I assume that includes your class 270, that includes scrap and everything?

Mr. COLVIN. Yes.
Mr. Balwan. Is your class 265 the excess category?
Mr. COLVIN. No, sir; it is repairable.
Mr. RIEHLMAN. Would you repeat these classifications again?


(From Manual of Bureau of Supplies and Accounts,

Department of the Navy) Class 265 ("repairables”): Property in store in regular accounts which is unfit for use in its present condition but which may be economically restored to serviceable condition, includes salvable material, exchanged material, damaged or deteriorated material, obsolete material, uncompleted material, and material which has exceeded its permissible ready-for-issue storage life (incoming material will not be taken up in class 265 by the supply officer until it has been screened for need and declared economically repairable).

Class 270: ("Excess"): Material which has been determined to be scrap, salvage, or excess in accordance with paragraph 26142.

Mr. COLVIN. The 270 class is your activity excess. If we have some material here and have it in class 270, it is activity excess until a determination is made, and in the case of reportable property that determination is made by the cognizant supply control demand point of the Bureau. Then it is Navy excess.

Nonreportable property, when it moves into an excess category, is excess only for the activity and, because it is nonreportable, it is immediately disposed of in accordance with the procedure for nonreportable property. In other words, it is nonreportable to any other office or bureau.

Mr. COTTER. In the nonreportable category you do not even clear it in an area screening within your own outfit?

Mr. Colvin. Oh, yes, sir; I was going to explain that as reportable property.

The nonreportable property, in the case of property held at Jacksonville, is immediately put on the screening lists that are distributed to all Government agencies within a 100-mile radius of this naval base itself.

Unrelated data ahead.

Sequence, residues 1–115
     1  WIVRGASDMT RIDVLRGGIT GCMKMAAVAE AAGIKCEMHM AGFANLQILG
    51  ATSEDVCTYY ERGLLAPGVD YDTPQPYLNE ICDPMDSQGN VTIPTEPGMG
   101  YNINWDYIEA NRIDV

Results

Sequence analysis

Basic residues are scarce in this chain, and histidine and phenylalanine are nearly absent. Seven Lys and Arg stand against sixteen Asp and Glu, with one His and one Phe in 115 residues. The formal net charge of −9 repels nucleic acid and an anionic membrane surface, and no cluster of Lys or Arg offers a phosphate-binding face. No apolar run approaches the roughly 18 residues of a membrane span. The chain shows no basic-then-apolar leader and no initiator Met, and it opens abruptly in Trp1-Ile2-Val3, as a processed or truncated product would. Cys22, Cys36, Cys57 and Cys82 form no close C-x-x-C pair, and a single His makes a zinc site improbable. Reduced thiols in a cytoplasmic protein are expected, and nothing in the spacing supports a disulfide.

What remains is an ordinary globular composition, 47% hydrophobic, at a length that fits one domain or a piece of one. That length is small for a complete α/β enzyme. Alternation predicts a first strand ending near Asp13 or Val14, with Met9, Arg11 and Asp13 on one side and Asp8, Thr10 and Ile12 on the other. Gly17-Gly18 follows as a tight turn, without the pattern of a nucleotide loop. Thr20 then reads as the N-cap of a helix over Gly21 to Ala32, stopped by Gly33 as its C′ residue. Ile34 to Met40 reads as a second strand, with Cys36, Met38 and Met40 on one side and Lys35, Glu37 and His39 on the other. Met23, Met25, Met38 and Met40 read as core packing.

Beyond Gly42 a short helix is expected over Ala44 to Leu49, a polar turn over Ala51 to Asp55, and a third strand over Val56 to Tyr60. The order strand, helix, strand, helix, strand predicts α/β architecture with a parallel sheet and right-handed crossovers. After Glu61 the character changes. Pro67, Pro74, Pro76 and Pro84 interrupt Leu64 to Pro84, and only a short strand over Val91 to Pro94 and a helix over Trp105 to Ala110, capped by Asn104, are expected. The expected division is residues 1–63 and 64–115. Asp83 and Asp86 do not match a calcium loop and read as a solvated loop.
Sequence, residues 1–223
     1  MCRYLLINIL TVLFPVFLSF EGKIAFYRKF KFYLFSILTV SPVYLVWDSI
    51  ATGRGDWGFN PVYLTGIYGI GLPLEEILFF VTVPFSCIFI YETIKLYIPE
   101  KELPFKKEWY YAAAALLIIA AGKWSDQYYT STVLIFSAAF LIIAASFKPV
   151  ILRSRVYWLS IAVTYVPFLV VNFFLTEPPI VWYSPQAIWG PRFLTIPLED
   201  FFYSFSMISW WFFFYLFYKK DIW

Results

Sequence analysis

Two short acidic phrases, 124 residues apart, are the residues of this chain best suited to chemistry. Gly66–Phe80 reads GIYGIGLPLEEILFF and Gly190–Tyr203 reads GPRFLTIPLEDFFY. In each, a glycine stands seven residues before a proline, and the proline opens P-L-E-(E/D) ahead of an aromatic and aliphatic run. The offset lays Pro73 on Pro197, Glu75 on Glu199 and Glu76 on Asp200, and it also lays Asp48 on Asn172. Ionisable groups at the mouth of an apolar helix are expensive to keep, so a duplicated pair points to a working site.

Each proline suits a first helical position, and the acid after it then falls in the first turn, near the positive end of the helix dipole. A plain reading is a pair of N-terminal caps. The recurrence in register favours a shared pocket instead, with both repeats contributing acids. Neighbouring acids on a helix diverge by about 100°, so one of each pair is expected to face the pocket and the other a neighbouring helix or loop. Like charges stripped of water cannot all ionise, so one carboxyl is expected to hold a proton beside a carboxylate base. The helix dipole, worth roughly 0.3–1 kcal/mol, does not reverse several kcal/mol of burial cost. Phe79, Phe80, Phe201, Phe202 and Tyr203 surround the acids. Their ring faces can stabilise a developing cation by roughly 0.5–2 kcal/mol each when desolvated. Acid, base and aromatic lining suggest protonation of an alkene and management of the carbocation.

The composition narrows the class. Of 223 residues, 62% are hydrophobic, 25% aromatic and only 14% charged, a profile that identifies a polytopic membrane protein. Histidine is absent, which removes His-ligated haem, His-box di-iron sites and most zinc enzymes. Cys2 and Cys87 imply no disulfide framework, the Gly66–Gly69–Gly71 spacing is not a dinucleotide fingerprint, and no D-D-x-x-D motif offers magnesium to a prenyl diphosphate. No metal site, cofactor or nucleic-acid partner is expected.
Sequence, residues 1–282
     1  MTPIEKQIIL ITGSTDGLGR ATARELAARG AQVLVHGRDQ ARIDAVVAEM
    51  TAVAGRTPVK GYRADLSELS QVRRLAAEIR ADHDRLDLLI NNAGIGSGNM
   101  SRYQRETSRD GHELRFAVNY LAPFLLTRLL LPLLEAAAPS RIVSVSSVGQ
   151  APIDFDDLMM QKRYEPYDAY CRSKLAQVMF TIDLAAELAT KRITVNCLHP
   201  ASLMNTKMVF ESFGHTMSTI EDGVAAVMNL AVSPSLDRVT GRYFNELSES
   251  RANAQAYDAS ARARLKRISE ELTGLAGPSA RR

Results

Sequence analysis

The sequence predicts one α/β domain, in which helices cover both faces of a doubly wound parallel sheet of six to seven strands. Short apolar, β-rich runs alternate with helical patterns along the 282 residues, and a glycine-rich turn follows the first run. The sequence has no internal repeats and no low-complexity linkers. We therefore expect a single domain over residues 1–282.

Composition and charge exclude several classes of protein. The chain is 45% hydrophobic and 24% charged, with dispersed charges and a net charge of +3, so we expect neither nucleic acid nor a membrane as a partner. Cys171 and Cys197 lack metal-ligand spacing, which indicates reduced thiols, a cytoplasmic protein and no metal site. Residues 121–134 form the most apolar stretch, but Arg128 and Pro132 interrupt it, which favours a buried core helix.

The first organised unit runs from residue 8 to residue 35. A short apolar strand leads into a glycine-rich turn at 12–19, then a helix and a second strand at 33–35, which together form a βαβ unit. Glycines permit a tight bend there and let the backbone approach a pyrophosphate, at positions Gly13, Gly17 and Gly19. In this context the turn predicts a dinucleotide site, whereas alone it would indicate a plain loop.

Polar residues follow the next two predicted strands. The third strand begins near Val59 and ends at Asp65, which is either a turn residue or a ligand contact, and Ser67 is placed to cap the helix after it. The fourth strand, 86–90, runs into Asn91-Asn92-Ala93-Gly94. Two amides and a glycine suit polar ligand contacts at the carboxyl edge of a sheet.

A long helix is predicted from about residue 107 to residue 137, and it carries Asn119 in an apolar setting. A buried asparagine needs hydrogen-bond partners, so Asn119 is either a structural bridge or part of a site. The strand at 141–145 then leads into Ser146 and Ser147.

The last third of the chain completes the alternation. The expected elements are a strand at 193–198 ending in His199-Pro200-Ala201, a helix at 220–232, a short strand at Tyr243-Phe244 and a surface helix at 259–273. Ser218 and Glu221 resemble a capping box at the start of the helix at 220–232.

Mr. COTTER. You haven't screened it in your own agency yet. Mr. COLVIN. Oh, yes, sir. We do it simultaneously. We send it to all of those departments, all Navy activities, all Army and Air Force activities.

Mr. COTTER. Why wouldn't you give your own people a chance before you start screening it?

Commander BRYANT. We have a form memorandum that goes out to every fleet activity, Navy Technical Training Command, hospitals, everybody in the compound, and tell them that here is some excess material available. Do you need it? Can you use it? That is a form letter. That goes out to all of our people on the base.

Mr. COTTER. That is a step prior to the step that Mr. Colvin is talking about, of taking your unreportable property and circulating it among the agencies within a 50- or 100-mile radius.

Let us see what falls within that unreportable property. Scrap falls in that unreportable property; does fit not?

Mr. Colvin. We do not screen scrap. Small lots and salvage material are screened by all naval activities and all other Government agencies. Mr. RIEHLMAN. That would include small items under $100? Mr. Colvin. Yes, sir. Mr. RIEHLMAN. Screwdrivers, wrenches, and so forth? Mr. COLVIN. Yes, sir.

Mr. COTTER. If the Bureau of Ships had an excess of small hand tools that they were reporting as excess, would they normally be picked up by BuAir or BuOrd, or would they find their own way on out through?

Mr. Colvin. You say the Bureau of Ships has declared some tools excess?

Mr. COTTER. Yes.

Mr. Colvin. Those accounts could be picked up by any naval activity within the United States.

Mr. COTTER. I am talking about small quantities that would be within that category.

Mr. Colvin. Oh; yes, sir. It would be reported on the quarterly stock-status report.

Commander BRYANT. When we say reportable material, ready-forissue material, we report once a quarter to the supply demand control point for aviation, the Aviation Supply Office, for electronics. We do not carry them as such, but we would report to the electronic supply officer and for the fuel to the fuel supply officer. They control our material. They use it for budgetary purposes, procurement.

Mr. COTTER. You are talking about a different kind of “reportable” now.

Commander BRYANT. But I think it has a bearing on this. It is their material at all times, in any class. If it is reportable material that can